Mittwoch, 6. April 2016

Schroeder - Hurra! (1984)

The band probably originated with members of the music projects "Die jeilen Träumer" and "Zarah Zylinder". The political rock clown band first appeared in 1975 under the name "Uli Hundt and Schroeder", and was renamed shortly afterwards as Schroeder Roadshow. They offered biting ironic and political texts as well as an eclectic musical style. The band attacked more or less everything, including themselves.

Musically their main focus was saxophone-heavy rock, but with elements from many other styles. Political messages were ambiguous, though the band were on the political left. They also wrote ballads, such as "Tanz mit mir hinaus" and "Wir sind die Brüder der romantischen Verlierer". They worked with Wolf Maahn as producer, Wolfgang Niedecken, and Christian Wagner (solo producer).

One studio album is called "Live in Tokyo", although they have never appeared in Tokyo.

When Uli Hundt and Rich Schwab left in 1984, the band cut the "Roadshow" from their name. They also appeared twice in the "Rockpalast": in 1982 as Schroeder Roadshow, and in 1985 as Schroeder.

Through all the changes in the band they continued to be active on the political rock festival scene. One of the biggest of these was the 1986 festival in Burglengenfeld, against the atomic reprocessing plant in Wackersdorf; in front of 120,000 spectators the band lined up in two parts, some performing as "Die Firma" and the others as "Uli Hundt und die Betablocker".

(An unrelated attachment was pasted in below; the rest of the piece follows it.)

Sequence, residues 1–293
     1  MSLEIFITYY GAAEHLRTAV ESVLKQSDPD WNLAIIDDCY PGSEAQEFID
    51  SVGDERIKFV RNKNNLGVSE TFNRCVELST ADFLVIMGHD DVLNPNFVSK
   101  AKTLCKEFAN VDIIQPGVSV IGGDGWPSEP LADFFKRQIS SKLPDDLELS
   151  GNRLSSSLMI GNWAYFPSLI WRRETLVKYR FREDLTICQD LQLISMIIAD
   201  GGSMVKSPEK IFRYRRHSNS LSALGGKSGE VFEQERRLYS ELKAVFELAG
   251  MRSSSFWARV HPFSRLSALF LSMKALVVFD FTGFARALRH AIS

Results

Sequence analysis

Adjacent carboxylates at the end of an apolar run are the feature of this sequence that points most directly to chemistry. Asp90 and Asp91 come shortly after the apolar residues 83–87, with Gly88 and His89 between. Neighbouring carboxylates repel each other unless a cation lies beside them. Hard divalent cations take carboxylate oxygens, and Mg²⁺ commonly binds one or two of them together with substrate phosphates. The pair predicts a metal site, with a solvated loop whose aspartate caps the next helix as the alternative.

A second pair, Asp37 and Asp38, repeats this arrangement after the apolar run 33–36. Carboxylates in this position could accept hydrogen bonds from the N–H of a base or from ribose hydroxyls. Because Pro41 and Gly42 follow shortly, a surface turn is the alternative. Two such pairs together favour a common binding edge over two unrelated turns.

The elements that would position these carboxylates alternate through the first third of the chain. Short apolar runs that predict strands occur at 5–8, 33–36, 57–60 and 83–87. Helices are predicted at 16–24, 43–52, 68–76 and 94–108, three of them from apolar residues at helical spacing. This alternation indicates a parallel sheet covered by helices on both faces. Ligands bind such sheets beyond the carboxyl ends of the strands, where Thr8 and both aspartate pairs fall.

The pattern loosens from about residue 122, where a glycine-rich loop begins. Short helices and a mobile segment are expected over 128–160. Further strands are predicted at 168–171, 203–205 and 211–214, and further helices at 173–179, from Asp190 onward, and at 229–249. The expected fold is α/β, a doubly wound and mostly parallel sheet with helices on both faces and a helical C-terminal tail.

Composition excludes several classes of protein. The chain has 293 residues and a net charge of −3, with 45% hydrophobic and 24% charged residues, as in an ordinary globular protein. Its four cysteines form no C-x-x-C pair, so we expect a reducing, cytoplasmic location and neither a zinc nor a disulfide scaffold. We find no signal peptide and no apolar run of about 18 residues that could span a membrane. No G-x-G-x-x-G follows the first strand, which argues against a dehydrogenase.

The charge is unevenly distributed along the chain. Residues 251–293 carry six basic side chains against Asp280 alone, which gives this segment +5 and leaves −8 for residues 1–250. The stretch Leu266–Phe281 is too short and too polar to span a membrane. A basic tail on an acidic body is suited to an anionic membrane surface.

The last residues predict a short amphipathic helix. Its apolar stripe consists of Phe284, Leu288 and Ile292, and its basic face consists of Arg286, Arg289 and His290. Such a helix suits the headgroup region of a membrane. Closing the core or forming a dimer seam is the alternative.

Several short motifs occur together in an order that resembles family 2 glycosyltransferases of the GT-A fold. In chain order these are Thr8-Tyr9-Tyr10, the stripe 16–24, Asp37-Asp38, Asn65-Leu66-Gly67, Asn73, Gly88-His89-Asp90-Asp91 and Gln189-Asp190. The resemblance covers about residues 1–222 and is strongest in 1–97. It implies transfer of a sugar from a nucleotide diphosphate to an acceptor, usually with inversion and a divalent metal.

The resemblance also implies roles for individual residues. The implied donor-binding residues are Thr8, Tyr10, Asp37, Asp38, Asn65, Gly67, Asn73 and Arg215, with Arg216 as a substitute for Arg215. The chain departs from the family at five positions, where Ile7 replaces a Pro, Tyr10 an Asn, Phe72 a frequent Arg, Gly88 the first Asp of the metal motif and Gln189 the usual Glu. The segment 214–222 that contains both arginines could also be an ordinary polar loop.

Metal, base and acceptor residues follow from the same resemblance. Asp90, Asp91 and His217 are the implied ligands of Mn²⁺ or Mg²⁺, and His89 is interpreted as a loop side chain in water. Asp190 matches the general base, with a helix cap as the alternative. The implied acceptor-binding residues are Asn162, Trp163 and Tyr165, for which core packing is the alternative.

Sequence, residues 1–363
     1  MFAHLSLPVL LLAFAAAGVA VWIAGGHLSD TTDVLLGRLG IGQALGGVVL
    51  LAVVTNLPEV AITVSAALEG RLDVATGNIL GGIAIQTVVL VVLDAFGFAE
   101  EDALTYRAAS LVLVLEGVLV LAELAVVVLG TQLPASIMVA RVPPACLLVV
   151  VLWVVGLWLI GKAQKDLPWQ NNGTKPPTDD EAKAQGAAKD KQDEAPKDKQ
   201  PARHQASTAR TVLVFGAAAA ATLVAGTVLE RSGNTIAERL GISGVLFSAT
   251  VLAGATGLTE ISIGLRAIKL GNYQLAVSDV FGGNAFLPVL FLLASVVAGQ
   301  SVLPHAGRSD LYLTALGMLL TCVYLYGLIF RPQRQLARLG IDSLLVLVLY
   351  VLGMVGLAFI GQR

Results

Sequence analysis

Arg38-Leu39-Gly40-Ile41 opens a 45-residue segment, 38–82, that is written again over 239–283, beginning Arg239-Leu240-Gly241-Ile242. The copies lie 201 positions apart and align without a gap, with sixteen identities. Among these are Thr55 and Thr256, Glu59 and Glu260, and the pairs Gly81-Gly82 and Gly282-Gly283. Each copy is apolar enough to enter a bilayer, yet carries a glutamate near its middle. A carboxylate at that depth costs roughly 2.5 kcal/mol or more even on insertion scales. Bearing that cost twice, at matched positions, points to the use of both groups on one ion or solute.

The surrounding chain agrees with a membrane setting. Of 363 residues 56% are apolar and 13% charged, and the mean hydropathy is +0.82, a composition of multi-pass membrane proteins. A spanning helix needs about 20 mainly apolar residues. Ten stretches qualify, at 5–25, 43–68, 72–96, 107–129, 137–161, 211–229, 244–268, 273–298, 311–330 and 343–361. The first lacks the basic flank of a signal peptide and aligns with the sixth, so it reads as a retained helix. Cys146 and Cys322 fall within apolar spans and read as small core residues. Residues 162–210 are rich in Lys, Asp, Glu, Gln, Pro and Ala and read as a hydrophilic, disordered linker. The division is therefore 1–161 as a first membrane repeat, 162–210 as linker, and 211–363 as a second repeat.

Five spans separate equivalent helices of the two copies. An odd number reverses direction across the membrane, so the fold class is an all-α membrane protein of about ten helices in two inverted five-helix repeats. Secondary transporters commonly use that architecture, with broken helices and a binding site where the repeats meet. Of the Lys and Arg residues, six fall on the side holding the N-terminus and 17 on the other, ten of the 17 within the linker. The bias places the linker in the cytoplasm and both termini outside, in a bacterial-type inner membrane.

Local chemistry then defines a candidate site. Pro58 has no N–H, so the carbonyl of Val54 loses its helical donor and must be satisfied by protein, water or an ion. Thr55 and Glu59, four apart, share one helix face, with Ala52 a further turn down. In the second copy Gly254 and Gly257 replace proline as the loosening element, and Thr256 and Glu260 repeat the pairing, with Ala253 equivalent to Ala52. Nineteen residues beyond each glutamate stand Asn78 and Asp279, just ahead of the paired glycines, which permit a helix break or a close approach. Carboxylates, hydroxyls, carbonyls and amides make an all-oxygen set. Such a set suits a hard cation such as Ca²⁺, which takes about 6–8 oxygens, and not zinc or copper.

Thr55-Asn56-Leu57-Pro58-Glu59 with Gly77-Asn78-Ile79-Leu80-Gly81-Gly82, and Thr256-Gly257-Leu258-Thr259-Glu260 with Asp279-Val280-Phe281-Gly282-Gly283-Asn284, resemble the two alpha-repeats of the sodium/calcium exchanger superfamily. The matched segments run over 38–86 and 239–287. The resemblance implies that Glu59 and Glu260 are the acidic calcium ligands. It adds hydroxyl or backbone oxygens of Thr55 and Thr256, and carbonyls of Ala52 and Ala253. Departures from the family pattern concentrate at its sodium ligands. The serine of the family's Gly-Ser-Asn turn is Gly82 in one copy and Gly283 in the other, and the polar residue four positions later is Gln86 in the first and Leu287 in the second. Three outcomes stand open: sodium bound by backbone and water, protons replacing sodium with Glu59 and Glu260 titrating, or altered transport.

Then the band went quiet, recording no more LPs, until the comic artist Brösel's "Werner" comic was brought to life when he lined up with his Horex Motorbike "Red Porsche Killer" on a specially closed motorway against the Porsche of his friend. Then the recording of the band's appearance at the accompanying festival, in front of 200,000 spectators, became Schroeder's last album, and their last appearance was a year later at Werner's Revival party - until their late revival in 2008 which saw the release of another studio album.

Schroeder - Hurra! (1984)
(128 kbps, front cover included)

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